A bill that seeks to increase the availability of certain types of housing was expanded and advanced to final reading Aug. 11.
LB866, as introduced by Omaha Sen. Justin Wayne, would adopt the Density Bonus and Inclusionary Housing Act. Those provisions would incentivize affordable housing projects through residential density increases, regulatory concessions and incentives for housing developments that include a certain percentage of income-restricted rental units.
The bill was amended on general file and includes some provisions of LB794, introduced by Lincoln Sen. Matt Hansen. That bill would require cities with populations greater than 20,000 to submit a report every two years, beginning July 1, 2021, to the Urban Affairs Committee detailing their efforts to incentivize affordable housing.
The report would include an overview of the city’s residential zoning requirements, percentage of residential areas zoned for multi-family housing, a five-year history of new residential construction and residential units annexed and an estimate of per unit housing costs.
In addition, all cities with populations greater than 50,000 would be required to adopt an affordable housing action plan by Jan. 1, 2023, and all cities with populations between 20,000 and 50,000 would be required to adopt an affordable housing action plan by Jan. 1, 2024.
Cities that do not comply would be required to adopt a default housing plan to allow development of “middle housing” in areas currently zoned for single-family residences. Middle housing includes duplexes, triplexes, quadplexes, cottage clusters and townhouses.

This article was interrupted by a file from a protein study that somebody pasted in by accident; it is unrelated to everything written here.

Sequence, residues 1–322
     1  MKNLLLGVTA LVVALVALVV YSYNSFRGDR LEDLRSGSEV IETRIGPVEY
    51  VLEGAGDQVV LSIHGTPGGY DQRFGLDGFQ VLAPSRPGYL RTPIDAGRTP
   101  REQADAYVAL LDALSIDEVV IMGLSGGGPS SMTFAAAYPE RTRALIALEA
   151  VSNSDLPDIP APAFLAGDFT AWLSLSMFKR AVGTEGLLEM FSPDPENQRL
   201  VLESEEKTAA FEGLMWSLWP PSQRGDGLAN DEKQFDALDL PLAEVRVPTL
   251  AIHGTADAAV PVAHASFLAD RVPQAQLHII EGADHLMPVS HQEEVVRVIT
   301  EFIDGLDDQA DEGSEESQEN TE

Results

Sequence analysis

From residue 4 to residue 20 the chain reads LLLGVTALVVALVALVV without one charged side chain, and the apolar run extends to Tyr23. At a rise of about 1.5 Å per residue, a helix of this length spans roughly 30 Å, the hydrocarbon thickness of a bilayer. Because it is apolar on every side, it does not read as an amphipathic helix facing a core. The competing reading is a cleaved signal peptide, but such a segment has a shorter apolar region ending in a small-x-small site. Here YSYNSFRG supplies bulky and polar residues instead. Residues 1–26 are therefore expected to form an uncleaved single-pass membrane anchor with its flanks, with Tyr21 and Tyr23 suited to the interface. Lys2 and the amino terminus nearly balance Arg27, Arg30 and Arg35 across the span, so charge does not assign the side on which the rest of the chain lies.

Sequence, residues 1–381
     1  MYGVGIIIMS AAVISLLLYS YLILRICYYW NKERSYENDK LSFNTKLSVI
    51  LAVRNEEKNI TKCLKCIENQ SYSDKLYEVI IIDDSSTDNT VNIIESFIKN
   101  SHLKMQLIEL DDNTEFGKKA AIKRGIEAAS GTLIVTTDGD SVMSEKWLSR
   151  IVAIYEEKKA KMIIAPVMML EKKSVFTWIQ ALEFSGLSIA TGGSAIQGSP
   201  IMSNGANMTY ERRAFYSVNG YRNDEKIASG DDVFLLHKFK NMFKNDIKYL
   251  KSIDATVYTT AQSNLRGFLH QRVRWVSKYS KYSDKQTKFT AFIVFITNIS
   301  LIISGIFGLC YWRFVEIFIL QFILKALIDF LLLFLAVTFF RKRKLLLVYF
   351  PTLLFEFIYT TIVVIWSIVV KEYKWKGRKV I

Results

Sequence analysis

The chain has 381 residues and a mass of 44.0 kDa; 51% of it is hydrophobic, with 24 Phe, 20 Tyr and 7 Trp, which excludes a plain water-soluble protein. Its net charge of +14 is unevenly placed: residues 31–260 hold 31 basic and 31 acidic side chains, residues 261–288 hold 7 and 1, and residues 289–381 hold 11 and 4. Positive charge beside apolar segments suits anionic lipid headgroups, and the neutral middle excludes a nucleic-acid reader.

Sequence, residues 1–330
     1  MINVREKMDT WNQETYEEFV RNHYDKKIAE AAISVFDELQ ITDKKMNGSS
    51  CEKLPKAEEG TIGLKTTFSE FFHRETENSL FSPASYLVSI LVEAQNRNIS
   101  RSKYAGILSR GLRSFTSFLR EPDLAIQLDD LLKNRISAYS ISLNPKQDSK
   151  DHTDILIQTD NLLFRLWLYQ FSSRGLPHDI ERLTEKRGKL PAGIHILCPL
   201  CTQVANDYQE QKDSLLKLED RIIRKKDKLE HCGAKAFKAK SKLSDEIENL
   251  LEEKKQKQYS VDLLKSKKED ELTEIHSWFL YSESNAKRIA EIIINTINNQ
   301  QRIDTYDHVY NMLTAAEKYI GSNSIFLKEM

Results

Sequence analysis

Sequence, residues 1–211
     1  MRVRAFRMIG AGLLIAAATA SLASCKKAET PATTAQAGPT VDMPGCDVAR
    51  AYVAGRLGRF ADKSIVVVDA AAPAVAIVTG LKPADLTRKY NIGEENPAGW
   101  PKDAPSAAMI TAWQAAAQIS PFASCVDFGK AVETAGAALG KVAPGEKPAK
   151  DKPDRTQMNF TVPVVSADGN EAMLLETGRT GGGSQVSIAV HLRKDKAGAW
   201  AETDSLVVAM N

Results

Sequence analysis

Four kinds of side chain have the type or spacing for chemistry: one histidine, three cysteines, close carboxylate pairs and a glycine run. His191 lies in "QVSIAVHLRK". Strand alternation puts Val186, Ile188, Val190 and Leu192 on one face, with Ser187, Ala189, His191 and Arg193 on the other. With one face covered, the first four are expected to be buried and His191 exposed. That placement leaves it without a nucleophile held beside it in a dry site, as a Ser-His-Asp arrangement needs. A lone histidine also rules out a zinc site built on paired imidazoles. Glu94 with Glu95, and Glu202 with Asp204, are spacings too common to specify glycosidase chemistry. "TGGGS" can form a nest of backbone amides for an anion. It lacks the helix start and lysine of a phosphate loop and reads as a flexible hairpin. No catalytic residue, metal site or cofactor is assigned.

Wayne introduced an amendment during select file debate that would add provisions of Omaha Sen. Tony Vargas’ LB1155. The provisions would create the Middle Income Housing Investment Fund within the state Department of Economic Development to support development of workforce housing in Nebraska counties of 100,000 or more residents.
Only nonprofit organizations could apply for grants, which would be based on a demonstrated need for additional owner-occupied housing in communities with an unemployment rate higher than the state average. The amendment also would set valuation parameters for workforce housing units eligible for grants at $125,000 to $275,000.
The fund would receive a one-time, $10 million general fund transfer. Any grants awarded would require one-to-one matching funds.
Wayne said he offered the amendment after senators voted to include $10 million in funding for rural workforce housing in the state budget.
The amendment was adopted 29-12 and LB866 advanced to final reading by voice vote.